A butterfly is a beautiful and exquisite insect that most people are familiar with. They come in a variety of colors, patterns, and sizes, making them an attractive addition to any garden or yard. People enjoy attracting butterflies to their gardens because they bring life and color to the area. Additionally, they are beneficial as they help pollinate flowers, which helps plants grow better. Furthermore, they also serve as a food source for other animals, like birds who eat them up. Lastly, observing butterflies can be enjoyable for many people who appreciate nature and its beauty. Let’s discover together some incredible butterflies that live in North Carolina!
12 Types of Butterflies
Gardeners in North Carolina can attract pollinator butterflies to their gardens by creating a butterfly-friendly habitat that includes the right plants, shelter, and water sources. This means planting nectar-rich flowers such as lilac, lavender, daisies, and aster that will provide food for adult butterflies. Additionally, adding host plants like milkweed will give caterpillars something to munch on when they hatch. Shelter can be provided for them by growing shrubs or trees near the garden where butterflies feel safe from predators while they’re resting or laying eggs. Lastly, providing shallow dishes of fresh water with pebbles on top will help keep these thirsty insects hydrated when visiting your garden!
There are dozens of butterflies native to North Carolina. Here are a few of our favorites!
1. Pipevine Swallowtail
The Pipevine Swallowtail is a stunning butterfly commonly found in North Carolina. This species has a wingspan of up to 3 inches. Its bright blue, black, and orange color combination makes it incredibly eye-catching. Pipevine Swallowtails prefer to live in moist forests as well as along streams and rivers, where they can feed on the nectar from flowers like milkweed, thistle, and phlox. The caterpillars are quite hardy. They feed on plants like pipevines and Dutchman’s pipes which contain toxic compounds that protect them from predators. In addition, adult butterflies migrate south each fall before returning north again in springtime!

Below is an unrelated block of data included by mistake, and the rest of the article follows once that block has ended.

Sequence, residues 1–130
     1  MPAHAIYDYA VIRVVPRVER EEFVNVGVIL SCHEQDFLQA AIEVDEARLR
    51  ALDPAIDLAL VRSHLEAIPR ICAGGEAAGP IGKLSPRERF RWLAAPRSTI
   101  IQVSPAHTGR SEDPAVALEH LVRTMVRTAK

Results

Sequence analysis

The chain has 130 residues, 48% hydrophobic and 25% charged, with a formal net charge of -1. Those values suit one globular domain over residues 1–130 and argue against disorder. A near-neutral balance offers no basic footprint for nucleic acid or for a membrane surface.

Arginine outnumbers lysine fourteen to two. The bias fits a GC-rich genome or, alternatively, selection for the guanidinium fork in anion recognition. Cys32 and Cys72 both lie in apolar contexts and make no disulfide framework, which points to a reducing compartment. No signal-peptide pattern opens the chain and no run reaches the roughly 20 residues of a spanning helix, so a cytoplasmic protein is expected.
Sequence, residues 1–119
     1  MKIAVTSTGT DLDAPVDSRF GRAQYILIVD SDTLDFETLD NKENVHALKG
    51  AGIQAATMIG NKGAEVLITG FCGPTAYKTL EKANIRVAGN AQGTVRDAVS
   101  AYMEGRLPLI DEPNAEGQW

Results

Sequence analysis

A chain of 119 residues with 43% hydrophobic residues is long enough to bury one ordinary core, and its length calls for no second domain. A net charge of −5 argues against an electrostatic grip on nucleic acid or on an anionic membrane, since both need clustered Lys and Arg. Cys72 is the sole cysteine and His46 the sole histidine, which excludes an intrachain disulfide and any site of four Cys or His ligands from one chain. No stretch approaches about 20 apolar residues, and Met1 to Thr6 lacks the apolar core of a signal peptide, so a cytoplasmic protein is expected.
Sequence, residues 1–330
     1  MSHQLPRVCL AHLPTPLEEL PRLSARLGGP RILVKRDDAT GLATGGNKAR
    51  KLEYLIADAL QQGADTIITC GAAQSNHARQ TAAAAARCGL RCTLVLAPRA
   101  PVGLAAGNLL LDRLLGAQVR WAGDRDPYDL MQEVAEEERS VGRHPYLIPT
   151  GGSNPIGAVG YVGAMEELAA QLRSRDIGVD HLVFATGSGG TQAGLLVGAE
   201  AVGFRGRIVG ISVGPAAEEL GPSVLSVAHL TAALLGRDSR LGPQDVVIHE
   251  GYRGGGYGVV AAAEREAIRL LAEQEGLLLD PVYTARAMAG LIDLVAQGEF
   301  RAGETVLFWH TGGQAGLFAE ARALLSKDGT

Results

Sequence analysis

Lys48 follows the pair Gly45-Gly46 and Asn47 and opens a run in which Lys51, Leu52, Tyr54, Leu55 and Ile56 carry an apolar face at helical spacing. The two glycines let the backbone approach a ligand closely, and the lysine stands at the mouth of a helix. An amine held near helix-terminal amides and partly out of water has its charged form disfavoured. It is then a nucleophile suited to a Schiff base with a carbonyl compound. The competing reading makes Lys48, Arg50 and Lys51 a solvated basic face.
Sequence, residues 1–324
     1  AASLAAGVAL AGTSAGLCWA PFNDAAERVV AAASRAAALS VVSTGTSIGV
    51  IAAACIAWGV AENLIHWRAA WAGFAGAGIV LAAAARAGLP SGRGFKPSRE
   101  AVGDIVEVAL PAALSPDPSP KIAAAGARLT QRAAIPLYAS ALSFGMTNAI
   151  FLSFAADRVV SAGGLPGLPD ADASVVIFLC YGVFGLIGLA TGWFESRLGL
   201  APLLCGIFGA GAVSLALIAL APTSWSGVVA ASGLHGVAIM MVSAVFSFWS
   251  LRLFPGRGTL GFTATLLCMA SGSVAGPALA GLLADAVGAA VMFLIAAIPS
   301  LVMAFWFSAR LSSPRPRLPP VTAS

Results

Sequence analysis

2. Zebra Swallowtail
The Zebra swallowtail is a beautiful butterfly native to North Carolina. It has an unmistakable black-and-white striped pattern on its wings. It lives in both forests and meadows throughout the state. The larvae of this species feed on plants from the parsley family, such as rue, dill, carrot, celery, and parsnip. They tend to fly during the day and are attracted to flowers for nectar. These butterflies have a lifespan of about two months, during which time they mate multiple times before dying off. They lay their eggs on host plants. So, when they hatch out into caterpillars, they have food sources readily available. Adult Zebra swallowtails migrate southward each fall with other migratory butterflies like monarchs and painted ladies, making them a common sight in North Carolina during migration season!
3. Cloudless Sulphur
The Cloudless Sulphur butterfly (Phoebis sennae) is a species of bright yellow butterfly that you can spot in North Carolina. Its wingspan ranges from 2 to 3 inches. The upper side of its wings features an orange-yellow color with black wingtips and white spots. On the other hand, the underside features more muted colors, such as brown or gray. This particular species feeds on nectar from flowers like lantana, verbena, and wild indigo. When they’re not feeding on these plants, they can be seen sunning themselves in open fields or flying around gardens in search of food. Cloudless Sulphurs are migratory butterflies. They spend their winter months near Mexico before returning north again in April or May when temperatures increase.
4. American Snout
The American Snout butterfly, also known as Libytheana carinenta, is a species of butterfly that live in North Carolina and other parts of the United States. It gets its name from its snout-like antennae, which are longer than those of most butterflies. The wingspan can range anywhere between 1.5 to 3 inches. The upper wing displays a bright orange color with black borders and spots. On the other hand, the lower wing usually appears gray or brown with white spots.